While 3D viewing technology has its haters, there's no doubting it's here to stay - at least for a while. Nintendo has created a new handheld around the idea of 3D gaming and Sony is pushing the technology hard through the PS3 and a range of compatible TVs. While games like Crysis 2 will deliver 3D gaming to the Xbox 360 and PS3, if you want the largest selection of 3D games on a console the PS3 is really the only option.

3D doesn't come cheep at the moment, though, with sets starting at just under a grand and many retailing for a lot more. With a Sony BRAVIA HX803 set up, 3D glasses donned and a selection of 3D titles ready to go, I headed into the new dimension to see if all the talk has been worth it.

Killzone 3


This is the big one. Killzone 2 is widely regarded, alongside Uncharted 2, as the most visually impressive PS3 game on the market, so a lot is expected of the first-person shooter's third outing, this time with full 3D support. I got to try out three levels from an early build (remember, it's not due for release until February 2011), and in truth it's a mixed bag.

The way your weapon sticks out in the middle of the screen is neat, but it also looks a little like it's been pasted into the scene rather than appearing like it belongs. Weather effects, on the other hand, look excellent. The little snowflakes that blow around look amazing as they seemingly float between the screen and your eyes. The biggest effect 3D has, however, is adding depth to the environments. One section featured a fire-fight along a snow-covered mountain path which led up to a Helghast base. This scene, for want of a better description, just looked more impressive in size when played using the 3D mode.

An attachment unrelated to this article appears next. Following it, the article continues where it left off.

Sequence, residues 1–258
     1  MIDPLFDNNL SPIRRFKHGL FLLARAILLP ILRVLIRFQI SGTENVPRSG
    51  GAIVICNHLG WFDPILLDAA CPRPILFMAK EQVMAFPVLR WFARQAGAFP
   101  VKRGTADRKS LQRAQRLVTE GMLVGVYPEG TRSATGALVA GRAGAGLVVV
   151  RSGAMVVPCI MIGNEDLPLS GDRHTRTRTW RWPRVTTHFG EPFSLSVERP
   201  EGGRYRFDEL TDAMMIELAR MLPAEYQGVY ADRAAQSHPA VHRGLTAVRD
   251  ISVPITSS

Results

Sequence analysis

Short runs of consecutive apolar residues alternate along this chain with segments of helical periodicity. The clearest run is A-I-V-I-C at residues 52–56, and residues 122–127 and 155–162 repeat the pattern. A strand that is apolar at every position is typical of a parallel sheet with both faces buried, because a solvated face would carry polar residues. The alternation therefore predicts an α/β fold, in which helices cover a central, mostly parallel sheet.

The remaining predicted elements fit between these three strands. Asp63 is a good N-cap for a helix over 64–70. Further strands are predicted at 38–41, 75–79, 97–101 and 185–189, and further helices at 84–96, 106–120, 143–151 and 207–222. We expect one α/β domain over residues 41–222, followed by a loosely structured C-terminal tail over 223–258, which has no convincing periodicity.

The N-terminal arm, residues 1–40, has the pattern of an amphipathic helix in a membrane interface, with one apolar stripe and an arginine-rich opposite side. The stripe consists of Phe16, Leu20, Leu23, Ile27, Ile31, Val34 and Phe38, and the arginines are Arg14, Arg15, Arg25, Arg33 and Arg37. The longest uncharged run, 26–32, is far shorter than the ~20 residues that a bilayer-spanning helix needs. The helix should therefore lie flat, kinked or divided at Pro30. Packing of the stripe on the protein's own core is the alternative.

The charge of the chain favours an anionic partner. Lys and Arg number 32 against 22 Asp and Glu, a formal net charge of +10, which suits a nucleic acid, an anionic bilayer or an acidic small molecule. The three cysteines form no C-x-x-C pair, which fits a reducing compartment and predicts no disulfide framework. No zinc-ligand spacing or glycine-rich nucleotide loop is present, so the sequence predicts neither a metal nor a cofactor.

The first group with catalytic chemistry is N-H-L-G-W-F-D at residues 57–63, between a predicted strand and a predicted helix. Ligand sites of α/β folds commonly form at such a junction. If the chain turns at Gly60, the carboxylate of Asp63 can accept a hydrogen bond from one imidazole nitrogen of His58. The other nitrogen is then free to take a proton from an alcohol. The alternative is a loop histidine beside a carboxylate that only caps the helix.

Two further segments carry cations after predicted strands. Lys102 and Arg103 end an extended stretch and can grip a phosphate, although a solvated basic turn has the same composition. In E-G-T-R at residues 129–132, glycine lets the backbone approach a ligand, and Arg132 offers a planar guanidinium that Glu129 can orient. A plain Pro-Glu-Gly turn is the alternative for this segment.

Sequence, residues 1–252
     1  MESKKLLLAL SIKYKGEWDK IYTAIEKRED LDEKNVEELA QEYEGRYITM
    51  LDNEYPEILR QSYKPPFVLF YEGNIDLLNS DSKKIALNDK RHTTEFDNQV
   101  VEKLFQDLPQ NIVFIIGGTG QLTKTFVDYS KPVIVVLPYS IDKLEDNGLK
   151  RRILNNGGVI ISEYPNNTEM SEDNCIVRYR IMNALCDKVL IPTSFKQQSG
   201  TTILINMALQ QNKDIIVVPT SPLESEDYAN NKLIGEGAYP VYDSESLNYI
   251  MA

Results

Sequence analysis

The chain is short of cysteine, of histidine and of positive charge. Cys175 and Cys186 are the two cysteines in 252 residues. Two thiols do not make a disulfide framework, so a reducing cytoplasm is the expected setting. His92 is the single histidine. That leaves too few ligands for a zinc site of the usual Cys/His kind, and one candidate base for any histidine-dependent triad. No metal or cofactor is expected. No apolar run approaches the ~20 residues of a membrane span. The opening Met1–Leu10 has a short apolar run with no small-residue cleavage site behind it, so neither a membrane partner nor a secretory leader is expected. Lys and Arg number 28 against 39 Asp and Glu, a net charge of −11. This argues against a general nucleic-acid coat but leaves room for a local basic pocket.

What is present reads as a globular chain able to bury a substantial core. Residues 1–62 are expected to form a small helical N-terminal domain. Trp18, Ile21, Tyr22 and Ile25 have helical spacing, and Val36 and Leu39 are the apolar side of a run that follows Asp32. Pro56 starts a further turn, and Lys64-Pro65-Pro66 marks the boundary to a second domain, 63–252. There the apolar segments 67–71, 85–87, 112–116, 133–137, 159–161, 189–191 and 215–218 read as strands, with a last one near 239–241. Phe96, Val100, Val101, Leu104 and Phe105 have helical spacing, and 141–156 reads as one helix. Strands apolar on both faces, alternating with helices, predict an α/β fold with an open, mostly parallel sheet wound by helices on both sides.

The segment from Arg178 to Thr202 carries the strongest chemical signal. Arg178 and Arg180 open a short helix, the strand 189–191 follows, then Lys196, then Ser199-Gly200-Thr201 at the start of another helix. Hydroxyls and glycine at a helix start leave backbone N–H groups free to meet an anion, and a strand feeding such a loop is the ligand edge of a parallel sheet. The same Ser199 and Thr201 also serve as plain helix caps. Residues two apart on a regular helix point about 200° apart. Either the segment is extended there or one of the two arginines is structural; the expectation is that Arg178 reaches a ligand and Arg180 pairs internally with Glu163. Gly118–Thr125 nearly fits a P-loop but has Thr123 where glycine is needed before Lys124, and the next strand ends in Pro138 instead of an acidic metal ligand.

MotorStorm Apocalypse


While looking a fair way off in terms of its overall graphical presentation, Apocalypse already features impressive 3D support. I only got to sample one fairly basic track, set in a crumbling city, but debris flew past my car and into my face, a large tanker looked incredibly imposing as it rampaged through the pack and the environment had a real sense of depth. There's clearly a long way to go in terms of development, but I have high hopes that Apocalypse will be one of the leading titles in the 3D arena on its release.

3D Collection pack on PSN


This collection is available to download through the PlayStation Network at just over £20. For the money you get the full version of Pain, SuperStardust HD and WipEout HD, along with a single-track demo of MotorStorm Apocalypse. The first three will update to support 3D if you already own them. Currently this collection is more or less all the 3D gaming available for the PS3 (We couldn't get Avatar: The Game to work), so how do the titles stack up?

Most striking to look at is MotorStorm Pacific Rift, which features the most impressive use of 3D I've seen. The foliage puts you into the world, dirt, dust and water flies out of the screen as your wheels churn up the ground, and there's an excellent sensation of depth. It's a real shame that the entire game wasn't converted to run in 3D.

WipEout HD and SuperStardust HD both have moments, with the ships in WipEout appearing to hover (yes, I know that's what they already do, but the effect is quite pronounced now), and the asteroids in Stardust look great as they protrude from the screen. Neither game really feels more immersive when played in 3D, though, and the less said about Pain the better. The 3D effect in this downloadable torture simulator isn't great and adds nothing to the experience.

It's impossible to make a blanket statement to cover 3D gaming technology, but from what I've seen a lot more needs to be done to make it an essential upgrade. Consider the cost of entry starts at around £1,000, there just aren't enough killer apps on the market at the moment. Titles like Killzone 3 and MotorStorm Apocalypse will help, as will the forthcoming PS3 update that will enable 3D Blu-ray playback. Sony really needs support from every AAA release, though. The likes of Crysis 2 and Ghost Recon Future Soldier are a good start, but I can't help feeling that it's going to take something bigger to make the technology catch on.